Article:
Richard III – Loyaulté me lie # 17


Ghosts and spectres (2/3)


The discovery of witchcraft and the first demonology studies profoundly marked the golden age of Elizabethan theatre. At the time, putting ghosts on stage was a serious business that conveyed a collective fascination and provided an outlet for the English people’s deepest fears.



Ghosts play a key role in Richard III. They tip over the intrigue, they are the sly and invisible keystone that elevates the tragedy and gives it its poetic force and melancholy tones. The famous scene of the ghosts is the play’s acme. Taking turns, they come to Richard’s bedside to reprimand and curse him and doing so, they allow the characters who have disappeared to speak again, giving them compensation in an expiatory ritual of justice. Shakespeare draws a path for this fable, from the spoken curses to their realisation, and doing so he turns the shadows that lurk around Richard into a ghost crueller than Richard himself.



"I shall despair. There is no creature loves me;
And if I die, no soul shall pity me :
Nay, wherefore should they, since that I myself
Find in myself no pity to myself ?
tMethought he souls of all that I had murder'd
Came to my tent; and every one did threat
To-morrow's vengeance on the head of Richard. "



In French classical theatre, ghosts and revenants are quite rare. This is probably due to excessive Cartesianism or maybe the transmutation of ghosts into the magic of words. This French particularity is not without consequences since everywhere else in the world, demons, spirits, shadows, yokai, monsters, witches, invisibles, lemures and other malevolent spirits haunt theatre and make it. Nothing extraordinary here: theatre is the place where the dead converse with the living. Theatre is a time when, thanks to the magical connections that the actors open with their words, the dead can invite themselves at the table and call to arms the world that exists beyond the frontiers of our little reality. This is one of the main functions of revenants in theatre: to wake the living to an augmented consciousness of the world, to the nature of time, and to who they are.


A question remains: how can we show these spectres, what tools do we have to a create stage illusion of their otherworldly presence? It is always difficult to put this on a stage. How can we show what cannot be touched? Embody the impossible? How can we hear the abyss of silent lamentations? Devise a dramaturgy of what is invisible yet echoes the visible world? How to make humanity’s deepest beliefs and fears ring out? Many stage artifices were born from these questions. Elizabethan theatre found it difficult to build complex sets, with sophisticated stages. On the other hand, costumes, props and ingenious stagehands gave life to these ghosts. By speaking from the wings for example, or distorting voices with sheets of metal to give the impression that voices were coming from beyond the grave. Through the body too, and with make-up, demon masks or burnt and torn costumes. Putting on stage an invisible creature who speaks and acts has always been a challenge. Solutions evolved through history: Robertson’s phantasmagorias, Henry Dirk’s catoptric systems, Colonel Stodare’s talking decapitated head are famous examples, as are ‘spirit’ photographs that, using double exposure, showed ghosts in pictures. Similarly, we now use digital systems, 3D video and holograms as a continuation of this perpetual quest: to give for an instant a ‘proof’ of intangible sensations.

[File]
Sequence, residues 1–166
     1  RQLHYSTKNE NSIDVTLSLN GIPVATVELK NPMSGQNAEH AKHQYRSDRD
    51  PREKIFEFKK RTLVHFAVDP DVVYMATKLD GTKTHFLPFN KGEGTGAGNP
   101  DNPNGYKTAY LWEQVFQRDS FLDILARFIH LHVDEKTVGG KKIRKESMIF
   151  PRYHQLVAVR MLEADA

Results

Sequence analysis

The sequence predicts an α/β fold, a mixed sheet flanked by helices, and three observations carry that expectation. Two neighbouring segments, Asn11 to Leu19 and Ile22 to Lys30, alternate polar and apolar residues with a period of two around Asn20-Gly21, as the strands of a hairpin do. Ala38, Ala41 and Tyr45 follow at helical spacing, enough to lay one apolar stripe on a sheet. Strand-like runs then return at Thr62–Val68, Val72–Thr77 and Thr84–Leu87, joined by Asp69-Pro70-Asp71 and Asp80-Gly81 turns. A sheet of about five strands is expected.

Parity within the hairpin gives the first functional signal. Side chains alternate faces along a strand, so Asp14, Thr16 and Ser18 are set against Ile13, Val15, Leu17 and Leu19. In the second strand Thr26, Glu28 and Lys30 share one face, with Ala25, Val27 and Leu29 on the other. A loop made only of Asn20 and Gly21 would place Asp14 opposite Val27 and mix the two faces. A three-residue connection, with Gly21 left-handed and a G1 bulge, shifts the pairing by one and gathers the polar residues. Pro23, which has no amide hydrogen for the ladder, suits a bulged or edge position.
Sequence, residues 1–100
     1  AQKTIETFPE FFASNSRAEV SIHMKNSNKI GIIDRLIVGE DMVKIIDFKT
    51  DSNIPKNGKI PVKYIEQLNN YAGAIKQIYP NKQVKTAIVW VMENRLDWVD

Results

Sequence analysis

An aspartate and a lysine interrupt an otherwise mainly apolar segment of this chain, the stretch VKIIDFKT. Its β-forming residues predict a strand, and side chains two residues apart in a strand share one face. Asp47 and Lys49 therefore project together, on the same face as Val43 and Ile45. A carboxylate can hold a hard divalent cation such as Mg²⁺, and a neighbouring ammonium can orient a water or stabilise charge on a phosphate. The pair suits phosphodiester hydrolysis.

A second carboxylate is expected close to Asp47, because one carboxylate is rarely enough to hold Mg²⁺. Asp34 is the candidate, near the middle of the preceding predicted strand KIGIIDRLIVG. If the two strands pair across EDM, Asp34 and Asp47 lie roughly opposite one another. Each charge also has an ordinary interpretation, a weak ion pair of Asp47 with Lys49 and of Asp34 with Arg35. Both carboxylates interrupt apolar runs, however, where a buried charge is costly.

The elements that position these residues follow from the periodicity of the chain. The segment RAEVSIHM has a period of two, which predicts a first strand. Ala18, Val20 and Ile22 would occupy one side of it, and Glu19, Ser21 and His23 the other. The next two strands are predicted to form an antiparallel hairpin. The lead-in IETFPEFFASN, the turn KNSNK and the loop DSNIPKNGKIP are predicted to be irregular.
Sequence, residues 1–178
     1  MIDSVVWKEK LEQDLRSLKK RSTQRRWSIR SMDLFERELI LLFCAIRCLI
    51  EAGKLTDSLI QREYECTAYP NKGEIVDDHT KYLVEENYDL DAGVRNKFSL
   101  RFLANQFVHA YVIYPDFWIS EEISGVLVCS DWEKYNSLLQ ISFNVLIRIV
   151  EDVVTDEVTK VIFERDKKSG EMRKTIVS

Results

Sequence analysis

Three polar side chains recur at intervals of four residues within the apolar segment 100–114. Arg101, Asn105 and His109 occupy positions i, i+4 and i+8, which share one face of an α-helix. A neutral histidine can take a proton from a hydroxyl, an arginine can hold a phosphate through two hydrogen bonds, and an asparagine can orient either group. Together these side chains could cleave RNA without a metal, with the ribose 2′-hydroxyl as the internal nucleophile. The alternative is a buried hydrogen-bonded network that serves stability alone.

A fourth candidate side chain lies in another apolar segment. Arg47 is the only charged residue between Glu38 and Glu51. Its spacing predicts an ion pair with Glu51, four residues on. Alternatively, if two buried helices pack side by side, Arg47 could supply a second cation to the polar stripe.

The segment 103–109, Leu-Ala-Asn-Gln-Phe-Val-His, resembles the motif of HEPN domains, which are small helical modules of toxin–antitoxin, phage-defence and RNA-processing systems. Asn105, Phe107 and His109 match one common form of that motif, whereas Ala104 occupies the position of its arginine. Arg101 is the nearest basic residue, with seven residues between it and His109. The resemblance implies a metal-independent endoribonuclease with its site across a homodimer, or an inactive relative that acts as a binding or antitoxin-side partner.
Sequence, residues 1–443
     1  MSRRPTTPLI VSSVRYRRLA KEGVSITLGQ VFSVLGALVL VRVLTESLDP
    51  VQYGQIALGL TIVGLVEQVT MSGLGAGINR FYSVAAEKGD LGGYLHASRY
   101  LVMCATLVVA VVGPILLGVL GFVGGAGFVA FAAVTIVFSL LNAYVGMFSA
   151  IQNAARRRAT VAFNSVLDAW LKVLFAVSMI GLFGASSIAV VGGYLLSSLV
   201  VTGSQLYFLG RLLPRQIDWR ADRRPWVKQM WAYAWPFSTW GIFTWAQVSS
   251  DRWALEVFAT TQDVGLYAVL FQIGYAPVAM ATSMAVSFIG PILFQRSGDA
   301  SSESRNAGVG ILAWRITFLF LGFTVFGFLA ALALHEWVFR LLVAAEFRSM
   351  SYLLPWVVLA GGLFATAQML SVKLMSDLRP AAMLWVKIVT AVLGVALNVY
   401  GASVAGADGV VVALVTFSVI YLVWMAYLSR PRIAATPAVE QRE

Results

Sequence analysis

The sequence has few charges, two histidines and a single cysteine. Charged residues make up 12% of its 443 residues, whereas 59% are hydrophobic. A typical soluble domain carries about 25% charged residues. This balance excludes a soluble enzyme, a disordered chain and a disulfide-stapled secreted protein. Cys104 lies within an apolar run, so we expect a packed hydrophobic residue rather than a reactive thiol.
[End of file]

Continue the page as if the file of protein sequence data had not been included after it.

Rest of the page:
From show to show, Jean Lambert-wild and his associates explore a history of scenography, and in the stage design of Richard III – Loyaulté me lie, they write new chapters. One of these chapters might even be hiding in his clown’s pyjamas.


Un clown, alité, face à son propre reflet, face à un double féminin qui se métamorphose, lui renvoyant l’image de...